But the speech on why Three Card Monte was a guaranteed scam was something I knew well as I had researched the topic as I wanted to see how people could and did get scammed: what were the mechanisms, and how were people roped into believing they could win or even out-con the con. 

It was more than just the card shark having charm, persuasive skills, and dexterity to ensure that the pigeons never saw the card to be chosen was palmed and always off the table: he usually had more than one confederate who would "warn" the mark that the game was rigged (a truth to lure the sucker in), and then form a fake "alliance" with the mark (a lie) so they could look out for each other to win.

And that was crucial to the scam: somewhere in the equation was a truth, but then in front of it and behind it were lies to hide the more important truth. 

In short,

LIE: Easy money if you find the right card.

TRUTH: This is a scam.

LIE: You have someone watching your back.

TRUTH: The game is absolutely rigged for the pigeon to fail.

Like layers of a Dobos torte, there is a hard layer alternating with a soft layer. You can't just cut through halfway and be satisfied, you have to cut through all of the layers to get to the bottom.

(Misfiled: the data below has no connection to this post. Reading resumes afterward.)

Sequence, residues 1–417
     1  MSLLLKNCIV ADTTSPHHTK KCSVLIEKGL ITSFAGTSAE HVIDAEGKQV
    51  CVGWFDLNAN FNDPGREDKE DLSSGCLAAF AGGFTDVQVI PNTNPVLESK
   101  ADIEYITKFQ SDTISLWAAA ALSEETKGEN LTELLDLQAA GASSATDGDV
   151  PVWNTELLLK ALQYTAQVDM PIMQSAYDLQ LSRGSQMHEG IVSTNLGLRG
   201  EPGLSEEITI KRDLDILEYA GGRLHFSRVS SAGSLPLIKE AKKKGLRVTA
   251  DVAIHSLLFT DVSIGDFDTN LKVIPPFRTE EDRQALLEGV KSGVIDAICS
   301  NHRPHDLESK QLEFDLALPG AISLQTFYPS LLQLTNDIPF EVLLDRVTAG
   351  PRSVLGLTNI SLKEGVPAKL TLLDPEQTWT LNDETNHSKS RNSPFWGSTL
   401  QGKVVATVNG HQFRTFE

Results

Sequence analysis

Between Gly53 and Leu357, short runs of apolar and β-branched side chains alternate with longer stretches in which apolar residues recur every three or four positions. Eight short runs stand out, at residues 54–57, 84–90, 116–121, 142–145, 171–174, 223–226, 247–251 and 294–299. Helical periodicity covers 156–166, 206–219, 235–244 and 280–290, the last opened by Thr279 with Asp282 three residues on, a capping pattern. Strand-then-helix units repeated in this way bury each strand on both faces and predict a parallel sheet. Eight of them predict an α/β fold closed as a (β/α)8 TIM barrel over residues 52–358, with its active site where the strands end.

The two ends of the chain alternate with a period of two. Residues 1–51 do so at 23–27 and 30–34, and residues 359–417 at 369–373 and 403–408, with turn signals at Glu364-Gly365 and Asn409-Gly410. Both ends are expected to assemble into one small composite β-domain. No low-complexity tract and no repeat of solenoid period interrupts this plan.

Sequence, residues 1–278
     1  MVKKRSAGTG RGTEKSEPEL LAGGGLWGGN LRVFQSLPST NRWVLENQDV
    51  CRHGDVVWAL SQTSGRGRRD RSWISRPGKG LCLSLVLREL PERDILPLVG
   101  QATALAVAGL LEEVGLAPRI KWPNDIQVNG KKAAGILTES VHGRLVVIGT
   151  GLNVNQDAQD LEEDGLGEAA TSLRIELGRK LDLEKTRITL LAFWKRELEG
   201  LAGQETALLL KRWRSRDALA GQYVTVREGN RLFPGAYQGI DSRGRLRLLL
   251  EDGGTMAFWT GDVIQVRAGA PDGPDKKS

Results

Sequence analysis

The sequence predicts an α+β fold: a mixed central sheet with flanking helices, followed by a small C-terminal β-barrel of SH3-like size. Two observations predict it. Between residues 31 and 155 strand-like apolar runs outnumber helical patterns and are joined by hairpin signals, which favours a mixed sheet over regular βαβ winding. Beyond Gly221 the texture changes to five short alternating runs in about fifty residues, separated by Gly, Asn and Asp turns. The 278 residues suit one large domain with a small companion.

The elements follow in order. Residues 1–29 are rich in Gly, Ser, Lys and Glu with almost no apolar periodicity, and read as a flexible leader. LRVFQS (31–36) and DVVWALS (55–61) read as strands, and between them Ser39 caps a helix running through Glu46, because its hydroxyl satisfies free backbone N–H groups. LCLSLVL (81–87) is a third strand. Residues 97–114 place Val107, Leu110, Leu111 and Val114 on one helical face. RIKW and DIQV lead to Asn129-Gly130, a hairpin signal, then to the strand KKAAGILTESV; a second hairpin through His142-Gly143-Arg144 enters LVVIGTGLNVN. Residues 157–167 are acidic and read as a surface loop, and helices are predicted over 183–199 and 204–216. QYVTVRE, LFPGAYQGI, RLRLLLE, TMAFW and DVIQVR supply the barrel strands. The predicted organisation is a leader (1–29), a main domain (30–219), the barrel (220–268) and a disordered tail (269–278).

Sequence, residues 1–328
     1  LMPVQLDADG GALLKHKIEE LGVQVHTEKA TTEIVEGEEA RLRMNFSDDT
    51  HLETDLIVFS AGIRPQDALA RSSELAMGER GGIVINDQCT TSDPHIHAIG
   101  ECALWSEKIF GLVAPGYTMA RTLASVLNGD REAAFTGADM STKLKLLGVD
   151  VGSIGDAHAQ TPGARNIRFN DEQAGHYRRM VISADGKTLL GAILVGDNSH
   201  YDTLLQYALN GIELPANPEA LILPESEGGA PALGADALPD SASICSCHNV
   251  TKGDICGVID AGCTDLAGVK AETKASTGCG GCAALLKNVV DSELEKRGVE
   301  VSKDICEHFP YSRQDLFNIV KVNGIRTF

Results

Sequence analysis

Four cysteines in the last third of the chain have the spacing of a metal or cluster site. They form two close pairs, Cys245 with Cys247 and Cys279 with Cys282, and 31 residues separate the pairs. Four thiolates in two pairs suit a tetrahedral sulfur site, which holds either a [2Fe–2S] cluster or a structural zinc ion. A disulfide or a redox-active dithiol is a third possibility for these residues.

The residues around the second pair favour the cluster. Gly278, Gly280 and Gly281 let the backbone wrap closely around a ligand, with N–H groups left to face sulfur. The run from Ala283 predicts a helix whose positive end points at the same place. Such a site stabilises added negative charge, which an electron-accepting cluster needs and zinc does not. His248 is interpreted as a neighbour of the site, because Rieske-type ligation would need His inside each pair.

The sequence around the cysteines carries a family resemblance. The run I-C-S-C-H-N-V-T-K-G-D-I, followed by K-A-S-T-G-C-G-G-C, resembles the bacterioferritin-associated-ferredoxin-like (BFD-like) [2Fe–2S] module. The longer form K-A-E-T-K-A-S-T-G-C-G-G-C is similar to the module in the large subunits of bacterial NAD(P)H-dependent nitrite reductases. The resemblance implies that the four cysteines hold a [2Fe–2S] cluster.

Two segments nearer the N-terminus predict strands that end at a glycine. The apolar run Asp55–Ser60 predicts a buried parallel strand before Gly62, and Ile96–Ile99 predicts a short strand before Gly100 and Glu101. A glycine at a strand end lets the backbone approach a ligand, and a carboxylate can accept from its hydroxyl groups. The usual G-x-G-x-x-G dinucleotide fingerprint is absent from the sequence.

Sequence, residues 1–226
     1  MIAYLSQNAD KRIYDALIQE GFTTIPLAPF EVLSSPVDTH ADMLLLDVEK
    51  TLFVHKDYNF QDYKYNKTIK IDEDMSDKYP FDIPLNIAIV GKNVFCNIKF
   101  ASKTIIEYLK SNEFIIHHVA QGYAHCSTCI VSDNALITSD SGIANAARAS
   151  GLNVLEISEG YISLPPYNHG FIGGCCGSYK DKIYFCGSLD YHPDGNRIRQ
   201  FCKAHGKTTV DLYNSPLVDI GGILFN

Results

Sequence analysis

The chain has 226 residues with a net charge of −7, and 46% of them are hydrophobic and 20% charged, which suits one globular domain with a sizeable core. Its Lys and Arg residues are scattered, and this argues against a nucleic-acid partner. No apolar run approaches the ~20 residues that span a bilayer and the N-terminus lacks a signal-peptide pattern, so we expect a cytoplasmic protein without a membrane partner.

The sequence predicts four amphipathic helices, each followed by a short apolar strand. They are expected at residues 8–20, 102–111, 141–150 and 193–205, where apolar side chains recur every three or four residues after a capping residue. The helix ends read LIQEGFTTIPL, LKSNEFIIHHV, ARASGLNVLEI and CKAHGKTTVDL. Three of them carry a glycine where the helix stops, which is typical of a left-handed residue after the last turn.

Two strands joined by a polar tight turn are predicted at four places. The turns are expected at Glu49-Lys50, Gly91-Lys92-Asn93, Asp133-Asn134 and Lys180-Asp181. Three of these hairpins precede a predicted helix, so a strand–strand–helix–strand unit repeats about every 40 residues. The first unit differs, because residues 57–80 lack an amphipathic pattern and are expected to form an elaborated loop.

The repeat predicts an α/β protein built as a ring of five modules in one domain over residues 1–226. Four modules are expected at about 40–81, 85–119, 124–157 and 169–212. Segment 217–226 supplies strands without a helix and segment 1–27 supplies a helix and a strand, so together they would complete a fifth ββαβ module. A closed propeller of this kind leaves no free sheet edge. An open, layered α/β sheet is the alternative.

Most con games worked this way of being given false assurances that there are two sides, and one side has your back while the other does not. People are primed to look for a good guy and a bad guy all at once, and they feel comfortable that they have protection that will help them defeat the bad guy.

The scam works because of the illusion of a saviour: but in the end, the false hero is a confederate who is in cahoots with the grifter. There only a single path, and only a single goal: to fleece the pigeon. The rest of the set-up was an act.

I didn't just study con games. I studied magic, acting, art forgery, "psychic" readings, war propaganda, and military strategy, among other disciplines that required some sort of deception in order to do research for my first book.